Navy Follows Army in Offering Prep Courses to Recruits Who Don't Meet Fitness, Academic Standards

U.S. Navy recruits physical training onboard Recruit Training Command.
U.S. Navy recruits demonstrate how to signal a "training timeout" prior to their warm-up run for physical training at Freedom Hall fitness center onboard Recruit Training Command. (U.S. Navy photo by Chief Petty Officer Seth Schaeffer)

The Navy is now offering recruits who do not meet fitness standards a chance to get in shape before boot camp in an effort to expand the pool of young Americans eligible to serve.

The Future Sailor Preparatory Course was highlighted by a service official at a congressional hearing Tuesday as one of the "innovative ways" the Navy is approaching recruitment challenges that have hit the military at large. The Navy program mirrors one launched last year by the Army that officials have touted as a success.

The Navy's physical fitness program launched at the beginning of this month, while a prep course for academic standards is expected to launch this summer, Erik Raven, the under secretary of the Navy, told the Senate Armed Services Committee on Tuesday.

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"Once accepted, we will work very closely with recruits to ensure their physical and mental readiness before they report to boot camp," Raven said.

The Armed Services Committee called Tuesday's hearing to discuss recruiting difficulties as every branch of the military struggles to hit its recruitment goals.

Last year, the Army failed to meet its recruiting goal by 15,000 soldiers. The other branches hit their goals, but had to get creative to do so, including boosting recruitment bonuses and dipping into their pools of delayed-entry applicants, which could make meeting future recruiting goals more difficult.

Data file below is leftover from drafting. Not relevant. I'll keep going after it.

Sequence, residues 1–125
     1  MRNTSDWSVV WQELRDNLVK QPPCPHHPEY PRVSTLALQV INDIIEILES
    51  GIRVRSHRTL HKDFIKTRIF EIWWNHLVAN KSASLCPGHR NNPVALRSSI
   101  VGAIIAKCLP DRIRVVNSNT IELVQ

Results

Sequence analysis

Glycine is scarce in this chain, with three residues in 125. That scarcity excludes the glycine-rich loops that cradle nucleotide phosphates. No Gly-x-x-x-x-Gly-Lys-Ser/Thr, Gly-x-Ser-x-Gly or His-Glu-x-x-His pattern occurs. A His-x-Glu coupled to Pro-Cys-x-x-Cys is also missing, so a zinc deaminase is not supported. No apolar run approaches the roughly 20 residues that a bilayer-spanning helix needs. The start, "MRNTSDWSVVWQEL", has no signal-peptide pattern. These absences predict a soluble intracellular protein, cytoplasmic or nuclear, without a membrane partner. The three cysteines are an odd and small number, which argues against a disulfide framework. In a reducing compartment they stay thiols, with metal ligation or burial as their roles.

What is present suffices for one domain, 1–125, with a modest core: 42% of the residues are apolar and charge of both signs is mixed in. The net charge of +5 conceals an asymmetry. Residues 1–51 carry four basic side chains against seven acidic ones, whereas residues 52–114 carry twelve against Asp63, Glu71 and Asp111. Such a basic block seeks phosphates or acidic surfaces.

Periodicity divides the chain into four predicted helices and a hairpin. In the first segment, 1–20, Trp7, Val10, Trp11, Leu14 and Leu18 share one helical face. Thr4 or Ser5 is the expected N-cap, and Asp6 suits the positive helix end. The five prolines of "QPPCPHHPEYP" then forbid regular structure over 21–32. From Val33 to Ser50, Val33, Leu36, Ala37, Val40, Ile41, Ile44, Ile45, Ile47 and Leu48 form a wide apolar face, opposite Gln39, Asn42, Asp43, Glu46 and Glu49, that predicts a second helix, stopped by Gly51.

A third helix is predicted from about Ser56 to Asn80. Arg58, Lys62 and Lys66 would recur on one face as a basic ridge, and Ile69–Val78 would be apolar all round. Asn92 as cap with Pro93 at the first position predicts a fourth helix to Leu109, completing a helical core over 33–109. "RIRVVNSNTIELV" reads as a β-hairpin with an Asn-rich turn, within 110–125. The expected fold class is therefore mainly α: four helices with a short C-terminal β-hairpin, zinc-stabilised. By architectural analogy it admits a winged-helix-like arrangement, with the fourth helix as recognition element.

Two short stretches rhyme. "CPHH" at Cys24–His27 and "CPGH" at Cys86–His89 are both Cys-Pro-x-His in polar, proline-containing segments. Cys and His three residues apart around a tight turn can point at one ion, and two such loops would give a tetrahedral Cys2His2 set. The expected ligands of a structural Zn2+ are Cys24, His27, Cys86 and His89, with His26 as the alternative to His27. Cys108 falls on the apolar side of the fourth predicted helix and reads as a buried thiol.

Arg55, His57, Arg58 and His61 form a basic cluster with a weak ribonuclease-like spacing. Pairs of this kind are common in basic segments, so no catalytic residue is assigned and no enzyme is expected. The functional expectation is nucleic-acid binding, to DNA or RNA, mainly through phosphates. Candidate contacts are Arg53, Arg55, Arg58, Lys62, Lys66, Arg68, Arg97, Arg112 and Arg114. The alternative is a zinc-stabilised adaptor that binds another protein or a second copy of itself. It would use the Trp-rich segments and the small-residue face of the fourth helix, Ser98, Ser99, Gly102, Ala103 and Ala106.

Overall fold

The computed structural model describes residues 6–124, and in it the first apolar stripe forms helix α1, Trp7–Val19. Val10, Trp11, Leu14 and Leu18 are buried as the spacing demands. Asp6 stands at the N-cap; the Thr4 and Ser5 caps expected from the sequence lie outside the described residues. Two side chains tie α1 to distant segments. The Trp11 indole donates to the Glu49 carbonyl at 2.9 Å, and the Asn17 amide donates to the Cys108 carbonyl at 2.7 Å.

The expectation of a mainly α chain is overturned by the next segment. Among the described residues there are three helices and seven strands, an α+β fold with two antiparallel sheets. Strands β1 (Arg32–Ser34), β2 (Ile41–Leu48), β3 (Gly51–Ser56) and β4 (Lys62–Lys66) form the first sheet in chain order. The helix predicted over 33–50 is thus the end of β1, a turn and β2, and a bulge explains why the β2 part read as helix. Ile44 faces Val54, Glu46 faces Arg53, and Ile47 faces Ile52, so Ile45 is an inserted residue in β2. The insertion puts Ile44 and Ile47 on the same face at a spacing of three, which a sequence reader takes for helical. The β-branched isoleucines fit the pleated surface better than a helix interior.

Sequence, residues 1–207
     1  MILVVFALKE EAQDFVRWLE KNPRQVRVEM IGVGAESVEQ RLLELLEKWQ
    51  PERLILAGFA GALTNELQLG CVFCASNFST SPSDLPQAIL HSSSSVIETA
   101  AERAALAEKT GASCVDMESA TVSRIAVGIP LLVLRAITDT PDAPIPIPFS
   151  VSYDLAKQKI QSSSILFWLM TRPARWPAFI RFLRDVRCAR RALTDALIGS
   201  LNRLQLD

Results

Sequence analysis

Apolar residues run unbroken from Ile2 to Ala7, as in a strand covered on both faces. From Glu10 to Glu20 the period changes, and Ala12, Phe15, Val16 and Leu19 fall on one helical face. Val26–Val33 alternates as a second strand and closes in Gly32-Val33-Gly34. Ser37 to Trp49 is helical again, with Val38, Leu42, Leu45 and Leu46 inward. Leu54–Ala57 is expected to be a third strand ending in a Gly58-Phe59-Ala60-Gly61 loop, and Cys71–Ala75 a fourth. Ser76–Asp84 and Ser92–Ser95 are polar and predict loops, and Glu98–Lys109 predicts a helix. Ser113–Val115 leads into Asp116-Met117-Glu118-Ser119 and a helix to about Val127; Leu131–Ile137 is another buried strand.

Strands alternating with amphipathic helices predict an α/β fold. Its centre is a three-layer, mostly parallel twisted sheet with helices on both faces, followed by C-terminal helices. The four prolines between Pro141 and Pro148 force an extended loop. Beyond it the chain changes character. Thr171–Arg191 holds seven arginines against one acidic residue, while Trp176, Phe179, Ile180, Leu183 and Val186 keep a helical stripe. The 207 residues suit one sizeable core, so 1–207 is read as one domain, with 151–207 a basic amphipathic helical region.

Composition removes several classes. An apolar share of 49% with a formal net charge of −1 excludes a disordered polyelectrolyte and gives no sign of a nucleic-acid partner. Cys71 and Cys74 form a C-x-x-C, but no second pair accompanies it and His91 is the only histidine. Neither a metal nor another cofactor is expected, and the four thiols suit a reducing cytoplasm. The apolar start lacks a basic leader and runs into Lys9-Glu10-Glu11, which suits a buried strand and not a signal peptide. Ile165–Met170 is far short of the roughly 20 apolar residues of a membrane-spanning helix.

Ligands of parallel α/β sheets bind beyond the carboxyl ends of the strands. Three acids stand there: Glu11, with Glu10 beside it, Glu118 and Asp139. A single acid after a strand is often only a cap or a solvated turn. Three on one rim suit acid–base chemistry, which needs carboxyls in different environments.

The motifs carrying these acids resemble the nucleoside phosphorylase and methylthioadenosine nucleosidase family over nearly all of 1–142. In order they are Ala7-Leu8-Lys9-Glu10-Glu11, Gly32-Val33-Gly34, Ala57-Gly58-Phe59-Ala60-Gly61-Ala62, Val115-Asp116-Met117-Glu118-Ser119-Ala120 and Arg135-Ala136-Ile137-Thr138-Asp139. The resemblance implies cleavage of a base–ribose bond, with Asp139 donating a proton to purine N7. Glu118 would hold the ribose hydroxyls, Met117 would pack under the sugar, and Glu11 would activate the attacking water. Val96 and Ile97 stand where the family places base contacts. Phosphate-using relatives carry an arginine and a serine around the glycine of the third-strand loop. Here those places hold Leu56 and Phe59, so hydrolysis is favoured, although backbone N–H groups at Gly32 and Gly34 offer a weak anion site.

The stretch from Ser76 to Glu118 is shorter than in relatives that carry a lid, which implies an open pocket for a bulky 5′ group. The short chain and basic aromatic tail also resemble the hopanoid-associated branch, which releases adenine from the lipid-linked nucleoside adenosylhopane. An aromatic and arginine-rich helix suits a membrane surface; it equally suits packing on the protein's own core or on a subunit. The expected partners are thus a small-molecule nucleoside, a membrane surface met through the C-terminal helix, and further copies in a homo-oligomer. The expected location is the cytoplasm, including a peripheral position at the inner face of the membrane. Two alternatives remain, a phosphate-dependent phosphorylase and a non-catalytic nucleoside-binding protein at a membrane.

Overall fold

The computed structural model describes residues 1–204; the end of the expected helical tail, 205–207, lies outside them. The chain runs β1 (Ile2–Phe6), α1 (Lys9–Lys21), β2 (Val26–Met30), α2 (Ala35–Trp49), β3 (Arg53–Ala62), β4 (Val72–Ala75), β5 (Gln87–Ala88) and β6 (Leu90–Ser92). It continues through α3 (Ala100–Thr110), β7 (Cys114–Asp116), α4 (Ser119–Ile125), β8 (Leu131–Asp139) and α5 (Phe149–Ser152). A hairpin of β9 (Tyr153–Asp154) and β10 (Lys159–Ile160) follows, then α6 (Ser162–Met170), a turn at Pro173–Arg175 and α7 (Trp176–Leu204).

In the face of its recruiting struggles, the Army last summer launched its Future Soldier Preparatory Course at Fort Jackson, South Carolina, for recruits whose weight or scores on the military entrance exam are not up to standards. The program is seen as such a success Army officials are expanding the Fort Jackson program and bringing the courses to Fort Benning, Georgia.

As of February, the Army's academic course has seen 2,408 out of 3,094 trainees move on to basic combat training, Army Under Secretary Gabe Camarillo testified Tuesday. In the physical fitness course, 821 out of 956 trainees have graduated into basic combat training. Seven hundred seventy-seven students remain in both courses.

Like the Army program, recruits in the Navy's prep class will have 90 days to meet the service's body fat limits to move on to basic training, according to Raven's written testimony.

Few other details about the Navy's prep course were offered at the hearing, the bulk of which involved Democrats and Republicans sparring over whether diversity and inclusion initiatives help or hurt recruiting.

An admiral previously announced during a call with reporters in February that the prep classes were coming, but similarly did not provide more specifics.

The prep courses address one of the biggest issues military officials say they face in recruiting: Most young Americans are simply not eligible to serve because of obesity, lack of a high school diploma, minor criminal infractions, medical diagnoses and other factors. Officials estimate that only about 23% of young Americans are eligible to serve in the military.

The Future Sailor Preparatory Course is the Navy's latest move to expand the pool of eligible recruits, including accepting prospective sailors who score low on the military entrance exam. The Navy reached its 2022 recruiting goal by just 42 sailors and is now trying to recruit nearly 4,000 more sailors this year.

During the hearing, some Republicans, including committee ranking member Sen. Roger Wicker, R-Miss., expressed concern about the Navy lowering its standards for recruits, but Raven assured that job standards are unchanged.

"To be a machinist mate, to be a sailor, to be a fire controlman, you still have to meet the exact same standards as before," Raven said. "So we're trying to increase the pool, but the standards for performing the job are what is key and what we need to perform our mission. And we have not changed that."

-- Rebecca Kheel can be reached at Follow her on Twitter @reporterkheel.

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